Human Rights Day in Havana

According to press reports from Havana, the Damas de Blanco walked through a Havana neighborhood and distributed copies of the Universal Declaration of Human Rights before climbing the steps of the Capitolio building and calling aloud for freedom.

More than 50 dissidents were detained Tuesday and Wednesday, according to Elizardo Sanchez, who said that many were detained in the provinces as they prepared to come to Havana.

Sanchez denounced the “pure, hard repression” that is the government’s “sui generis way” of celebrating Human Rights Day. Cuban foreign minister Felipe Perez Roque said Cuba celebrates the day with its “head held high.”

The Christian Science Monitor reported on an activist, Belinda Salas, who said she and three others were beaten by police on Tuesday after leaving the U.S. diplomatic mission, and the three others were arrested.

Coverage in English from EFE and The Miami Herald, and in Spanish from Reuters and Spain’s ABC.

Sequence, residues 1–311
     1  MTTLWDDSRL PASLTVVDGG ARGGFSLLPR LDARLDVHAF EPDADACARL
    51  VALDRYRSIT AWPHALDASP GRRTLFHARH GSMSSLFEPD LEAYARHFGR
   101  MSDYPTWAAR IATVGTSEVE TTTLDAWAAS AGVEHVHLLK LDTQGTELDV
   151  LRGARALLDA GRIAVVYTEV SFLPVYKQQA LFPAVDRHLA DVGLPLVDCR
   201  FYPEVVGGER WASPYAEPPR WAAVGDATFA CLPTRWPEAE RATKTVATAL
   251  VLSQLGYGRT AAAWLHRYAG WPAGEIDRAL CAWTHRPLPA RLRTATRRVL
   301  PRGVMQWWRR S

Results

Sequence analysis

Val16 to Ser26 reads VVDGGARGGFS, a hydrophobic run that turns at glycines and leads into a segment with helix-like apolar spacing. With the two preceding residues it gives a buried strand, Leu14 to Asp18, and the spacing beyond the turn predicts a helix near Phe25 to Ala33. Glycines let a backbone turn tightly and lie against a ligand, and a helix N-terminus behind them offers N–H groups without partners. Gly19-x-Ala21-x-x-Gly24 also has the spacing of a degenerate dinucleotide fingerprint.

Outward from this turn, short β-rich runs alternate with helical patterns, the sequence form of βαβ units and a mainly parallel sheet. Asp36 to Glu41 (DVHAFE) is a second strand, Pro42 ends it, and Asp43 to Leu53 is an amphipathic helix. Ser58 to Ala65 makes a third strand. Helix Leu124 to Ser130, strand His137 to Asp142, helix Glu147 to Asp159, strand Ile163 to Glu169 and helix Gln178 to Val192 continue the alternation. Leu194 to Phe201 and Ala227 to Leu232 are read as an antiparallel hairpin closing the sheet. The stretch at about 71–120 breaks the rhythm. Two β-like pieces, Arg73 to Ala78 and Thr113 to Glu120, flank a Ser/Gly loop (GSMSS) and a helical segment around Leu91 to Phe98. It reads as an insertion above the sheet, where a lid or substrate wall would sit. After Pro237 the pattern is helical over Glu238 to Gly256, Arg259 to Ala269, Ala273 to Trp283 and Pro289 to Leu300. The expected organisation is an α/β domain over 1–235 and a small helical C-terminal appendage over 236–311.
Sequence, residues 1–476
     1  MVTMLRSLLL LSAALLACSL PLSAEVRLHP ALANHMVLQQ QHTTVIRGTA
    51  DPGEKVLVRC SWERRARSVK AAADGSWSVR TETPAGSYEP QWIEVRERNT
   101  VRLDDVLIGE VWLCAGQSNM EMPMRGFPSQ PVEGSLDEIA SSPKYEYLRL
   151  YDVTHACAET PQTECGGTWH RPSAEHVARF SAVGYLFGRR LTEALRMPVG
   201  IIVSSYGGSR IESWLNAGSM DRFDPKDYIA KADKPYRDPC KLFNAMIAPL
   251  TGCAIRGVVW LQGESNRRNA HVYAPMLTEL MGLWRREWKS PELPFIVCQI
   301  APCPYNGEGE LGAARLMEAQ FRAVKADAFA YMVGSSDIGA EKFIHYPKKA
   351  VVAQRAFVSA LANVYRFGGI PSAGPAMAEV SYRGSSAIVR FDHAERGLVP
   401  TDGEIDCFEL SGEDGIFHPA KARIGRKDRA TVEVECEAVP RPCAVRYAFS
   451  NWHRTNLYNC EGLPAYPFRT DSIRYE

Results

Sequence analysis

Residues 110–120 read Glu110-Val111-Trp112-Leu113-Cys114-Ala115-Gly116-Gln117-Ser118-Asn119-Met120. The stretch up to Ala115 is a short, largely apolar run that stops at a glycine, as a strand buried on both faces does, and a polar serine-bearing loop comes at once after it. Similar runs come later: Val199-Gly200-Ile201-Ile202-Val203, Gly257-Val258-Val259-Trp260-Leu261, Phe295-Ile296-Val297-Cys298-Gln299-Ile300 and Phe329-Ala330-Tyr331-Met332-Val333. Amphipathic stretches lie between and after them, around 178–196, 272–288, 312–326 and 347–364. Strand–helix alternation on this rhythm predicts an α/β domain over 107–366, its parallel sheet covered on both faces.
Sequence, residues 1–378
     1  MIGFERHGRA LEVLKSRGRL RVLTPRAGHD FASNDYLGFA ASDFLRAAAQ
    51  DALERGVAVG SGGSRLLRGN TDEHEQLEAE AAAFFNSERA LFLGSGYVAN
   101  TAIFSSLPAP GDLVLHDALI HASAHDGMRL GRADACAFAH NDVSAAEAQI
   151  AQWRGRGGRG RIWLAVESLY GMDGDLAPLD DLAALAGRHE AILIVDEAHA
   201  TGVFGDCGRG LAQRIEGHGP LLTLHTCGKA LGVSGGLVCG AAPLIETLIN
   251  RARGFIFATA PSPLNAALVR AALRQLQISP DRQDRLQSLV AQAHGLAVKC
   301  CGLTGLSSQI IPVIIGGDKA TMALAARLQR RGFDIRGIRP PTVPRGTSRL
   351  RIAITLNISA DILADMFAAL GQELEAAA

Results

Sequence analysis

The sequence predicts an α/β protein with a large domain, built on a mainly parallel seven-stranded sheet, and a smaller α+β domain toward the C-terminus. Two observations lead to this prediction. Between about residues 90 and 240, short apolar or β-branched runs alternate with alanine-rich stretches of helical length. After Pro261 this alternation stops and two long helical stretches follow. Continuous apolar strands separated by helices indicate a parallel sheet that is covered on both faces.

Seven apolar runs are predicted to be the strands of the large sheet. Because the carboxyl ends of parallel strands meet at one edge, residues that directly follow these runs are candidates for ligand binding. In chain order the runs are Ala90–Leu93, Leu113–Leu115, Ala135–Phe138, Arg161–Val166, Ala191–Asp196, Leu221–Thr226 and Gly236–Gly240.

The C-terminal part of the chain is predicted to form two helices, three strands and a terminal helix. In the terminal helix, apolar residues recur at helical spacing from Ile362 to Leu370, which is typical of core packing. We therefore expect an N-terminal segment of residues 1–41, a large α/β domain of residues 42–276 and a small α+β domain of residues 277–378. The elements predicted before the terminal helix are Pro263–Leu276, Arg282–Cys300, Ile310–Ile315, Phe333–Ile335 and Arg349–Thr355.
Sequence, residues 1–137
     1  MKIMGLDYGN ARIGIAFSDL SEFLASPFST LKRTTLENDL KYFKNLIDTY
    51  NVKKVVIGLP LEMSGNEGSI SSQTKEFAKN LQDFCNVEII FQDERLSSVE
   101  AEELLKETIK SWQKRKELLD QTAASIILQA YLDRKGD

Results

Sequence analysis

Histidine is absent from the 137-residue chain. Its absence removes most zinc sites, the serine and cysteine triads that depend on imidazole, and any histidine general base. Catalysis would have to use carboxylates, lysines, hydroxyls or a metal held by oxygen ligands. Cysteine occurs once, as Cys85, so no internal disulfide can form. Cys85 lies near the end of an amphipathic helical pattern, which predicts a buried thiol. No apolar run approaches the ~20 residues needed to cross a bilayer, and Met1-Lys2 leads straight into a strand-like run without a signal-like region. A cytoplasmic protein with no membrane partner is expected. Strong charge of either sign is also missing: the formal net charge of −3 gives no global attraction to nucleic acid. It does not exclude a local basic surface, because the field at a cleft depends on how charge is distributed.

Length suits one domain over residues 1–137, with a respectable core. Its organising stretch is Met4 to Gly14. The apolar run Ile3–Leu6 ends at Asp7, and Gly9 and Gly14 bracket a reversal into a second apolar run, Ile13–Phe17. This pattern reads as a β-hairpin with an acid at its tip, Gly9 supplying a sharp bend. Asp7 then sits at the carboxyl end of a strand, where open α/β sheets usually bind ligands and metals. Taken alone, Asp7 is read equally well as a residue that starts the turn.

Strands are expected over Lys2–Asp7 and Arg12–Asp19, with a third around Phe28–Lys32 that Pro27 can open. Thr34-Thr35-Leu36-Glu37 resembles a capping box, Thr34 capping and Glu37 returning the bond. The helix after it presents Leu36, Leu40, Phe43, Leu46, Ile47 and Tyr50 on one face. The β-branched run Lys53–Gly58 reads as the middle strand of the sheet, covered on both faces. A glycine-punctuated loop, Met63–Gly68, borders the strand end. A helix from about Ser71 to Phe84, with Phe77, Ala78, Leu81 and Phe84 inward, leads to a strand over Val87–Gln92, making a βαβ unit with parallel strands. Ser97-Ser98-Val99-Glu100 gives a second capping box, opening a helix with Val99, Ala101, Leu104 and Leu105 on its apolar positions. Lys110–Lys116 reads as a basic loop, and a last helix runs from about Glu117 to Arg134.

[Reuters photo.]

The Times' man in Havana

“Lealtad beckoned me,” Roger Cohen of The New York Times wrote in a long, first-person magazine piece last Sunday on the approaching 50th anniversary of the Cuban revolution.

“What I saw,” he said, “struck me with the force of a vision.” On Lealtad, the street in Centro Habana, the Times’ veteran, Paris-based reporter found a bar. Inside, people were drinking. And there were “harsh fluorescent lights” and a “white man with a bulbous red nose pickled by drink.” There was a black man and a black woman – stay with me, please – who also seemed to be drinking, and they were all “at a distance from one another.” Then before you know it, Cohen is pondering existential despair, and finds himself in an Edward Hopper painting.